Artist in Residence Programs
Making art accessible to all, developing ways to use artistic means to enhance the experience of nature’s majesty. At Grand Canyon's North Rim, I taught 2, hands-on programs on the sundeck of the lodge. The Park Service put up a shelter, some tarps to protect the patio, and a couple of tables. The shelter kept us comfortable, and the curious were drawn-in just by it being there. The tarps allayed the Park Service’s fear of damaging a historic building with spilled dye. We got around 20 visitors each time. (no dye was spilled)
The first program sensitized visitors to the colors in the vista before us. I organized them into the red team, the blue and neutral team, and the green team. We used paint store swatches to match against the scene. Each team came up with 3 or 4 colors which I mixed using my dye. (I had mixed up some base colors from my palette experiments of the previous week – so I only needed to adjust them to match – this saved a lot of waiting-around time.) Once our 2 p.m. color palette was ready, each visitor painted the colors onto "bookmarks" of watercolor paper to take home as a remembrance. I also printed the scene lightly onto watercolor paper so that they could paint-over it later. I suggested markers, acrylic paints or watercolors. I was pleased that so many were glad they took the time to tune-into color as a way of appreciating the view in a new way.
In the second program, visitors began a collaborative silk painting. (The finished work was donated to the park.) I printed a simplified photograph of the vista before us onto a 13 x 19 inch piece of silk. I used the color palette of silk dyes the visitors from the first program selected. Each participant got a paintbrush and in turn painted parts of the sky and the cliff shadows onto the silk. Once the image was broken down into shapes and areas, the painting was easy. I was surprised at how successful they were. We had children as young as 8 in the program. It was easy for them to do the sky in a wet-on-wet manner. The adults did the shadow shapes. I got several of the participants to sign their names so that I could give them credit for their work when the piece was donated. The education coordinator hung the finished piece I donated in her office as an example of inspired artist programming.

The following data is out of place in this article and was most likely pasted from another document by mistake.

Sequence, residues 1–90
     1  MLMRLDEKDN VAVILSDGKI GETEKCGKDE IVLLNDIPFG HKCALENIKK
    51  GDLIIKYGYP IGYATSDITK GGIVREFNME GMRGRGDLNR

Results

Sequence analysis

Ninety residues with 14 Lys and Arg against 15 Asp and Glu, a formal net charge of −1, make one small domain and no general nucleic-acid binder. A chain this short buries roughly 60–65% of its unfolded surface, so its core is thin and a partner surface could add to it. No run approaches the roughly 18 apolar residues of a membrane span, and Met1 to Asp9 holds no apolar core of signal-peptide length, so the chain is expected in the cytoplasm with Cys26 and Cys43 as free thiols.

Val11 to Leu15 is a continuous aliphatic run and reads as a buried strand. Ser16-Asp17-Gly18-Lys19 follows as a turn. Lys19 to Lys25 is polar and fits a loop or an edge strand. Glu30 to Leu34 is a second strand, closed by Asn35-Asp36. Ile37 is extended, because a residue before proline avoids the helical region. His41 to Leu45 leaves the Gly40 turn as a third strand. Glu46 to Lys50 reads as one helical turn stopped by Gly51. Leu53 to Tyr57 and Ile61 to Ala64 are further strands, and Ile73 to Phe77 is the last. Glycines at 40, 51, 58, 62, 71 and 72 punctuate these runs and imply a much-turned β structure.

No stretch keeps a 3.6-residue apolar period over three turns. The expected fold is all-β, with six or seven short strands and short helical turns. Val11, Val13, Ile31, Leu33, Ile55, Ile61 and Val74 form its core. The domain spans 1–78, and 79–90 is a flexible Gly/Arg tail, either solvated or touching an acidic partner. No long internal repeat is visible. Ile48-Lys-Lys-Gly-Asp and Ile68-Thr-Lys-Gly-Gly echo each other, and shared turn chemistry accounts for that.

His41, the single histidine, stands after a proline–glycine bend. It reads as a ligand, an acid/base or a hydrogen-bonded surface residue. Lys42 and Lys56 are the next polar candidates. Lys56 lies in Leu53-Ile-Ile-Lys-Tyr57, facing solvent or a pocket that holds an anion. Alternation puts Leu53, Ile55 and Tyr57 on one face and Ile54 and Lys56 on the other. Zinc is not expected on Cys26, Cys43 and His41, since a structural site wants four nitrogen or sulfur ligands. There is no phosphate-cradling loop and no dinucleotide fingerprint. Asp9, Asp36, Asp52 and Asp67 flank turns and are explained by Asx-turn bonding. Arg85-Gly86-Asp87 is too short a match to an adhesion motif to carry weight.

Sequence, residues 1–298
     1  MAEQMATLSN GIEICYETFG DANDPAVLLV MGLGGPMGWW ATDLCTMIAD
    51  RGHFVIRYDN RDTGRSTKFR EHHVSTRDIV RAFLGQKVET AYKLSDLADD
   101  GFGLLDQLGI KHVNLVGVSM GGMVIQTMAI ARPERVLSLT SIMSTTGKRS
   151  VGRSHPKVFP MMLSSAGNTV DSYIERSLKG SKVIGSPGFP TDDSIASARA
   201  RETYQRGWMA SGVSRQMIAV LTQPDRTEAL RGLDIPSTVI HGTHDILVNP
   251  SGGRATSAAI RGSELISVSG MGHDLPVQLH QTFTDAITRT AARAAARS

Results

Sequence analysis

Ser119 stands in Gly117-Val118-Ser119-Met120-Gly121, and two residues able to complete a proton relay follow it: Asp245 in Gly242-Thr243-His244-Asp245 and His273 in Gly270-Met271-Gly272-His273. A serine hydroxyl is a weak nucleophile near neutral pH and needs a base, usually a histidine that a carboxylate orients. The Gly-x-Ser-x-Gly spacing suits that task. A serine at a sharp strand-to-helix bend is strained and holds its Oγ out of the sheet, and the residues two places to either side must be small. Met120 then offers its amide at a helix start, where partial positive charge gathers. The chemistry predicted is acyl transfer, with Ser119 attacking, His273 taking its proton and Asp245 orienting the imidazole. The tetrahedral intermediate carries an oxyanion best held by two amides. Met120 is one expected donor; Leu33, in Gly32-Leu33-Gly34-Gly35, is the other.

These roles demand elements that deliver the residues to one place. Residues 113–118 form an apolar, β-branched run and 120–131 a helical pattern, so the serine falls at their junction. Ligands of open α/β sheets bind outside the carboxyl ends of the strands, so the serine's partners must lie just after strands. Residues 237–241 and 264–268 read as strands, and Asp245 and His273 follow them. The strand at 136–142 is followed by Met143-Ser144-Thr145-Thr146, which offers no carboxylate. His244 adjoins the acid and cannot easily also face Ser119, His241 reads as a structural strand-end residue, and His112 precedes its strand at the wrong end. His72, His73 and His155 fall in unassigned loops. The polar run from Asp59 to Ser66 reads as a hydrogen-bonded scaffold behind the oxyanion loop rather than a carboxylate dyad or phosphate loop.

On my own in the park…..I visited all of the overlooks and day-hiked most of the trails. I went to every geology talk I could. I completed my color and time experiments. I trained my eye in composing the “grand landscape”. I spent a lot of time in silence and gratitude.
The images that have or will find their way into completed works of art were gifts. No matter how many miles of trail I walked, or how strategically I planned for the proper angle of light, the images were still gifts.
Programs Back Home
One of the requirements of my residency was to make a presentation about the park and the artist-in-residence program in my home community. The Ann Arbor District Library graciously agreed to host and to promote my talk. I used my painting, "Colors of Time" to illustrate both geologic time and being present throughout the day as the light changed the colors of the landscape. Other programs for various community groups followed, The Sierra Club, a creative writing course at the University of Michigan, and 2 of our local camera clubs.
Colors of Time Silk Painting
“Colors of Time” is huge: 4 feet tall by 71/2 feet wide. I enjoyed discovering patterns in the lines and shadows that must have inspired Native American art and graphic sensibilities. As I let my imagination flow, so did my brushstrokes. When I looked at my color/time studies, I decided on the image with 8 a.m. shadows. However, from my color studies, I found the greatest variety of colors culminated between 2 and 4 p.m. I found that greens began to differentiate around 10 a.m. At noon, the magentas arrived. Between 2 and 4 in the afternoon, the reds expanded into peaches, mauves, cranberries, rusts, and oranges plus the yellows of the sandstone sprang into view. So, my piece, “Colors of Time” used the photo from 8 a.m. and the color palette from mid afternoon. I used many of the same colors the visitors chose in my first program.
To inspire folks to enjoy their park lands, to metaphorically “dip their brushes” by using artistic means (music, words, images, constructions) to tune into nature, and to become stewards of the environment and supporters and protectors of these national treasures.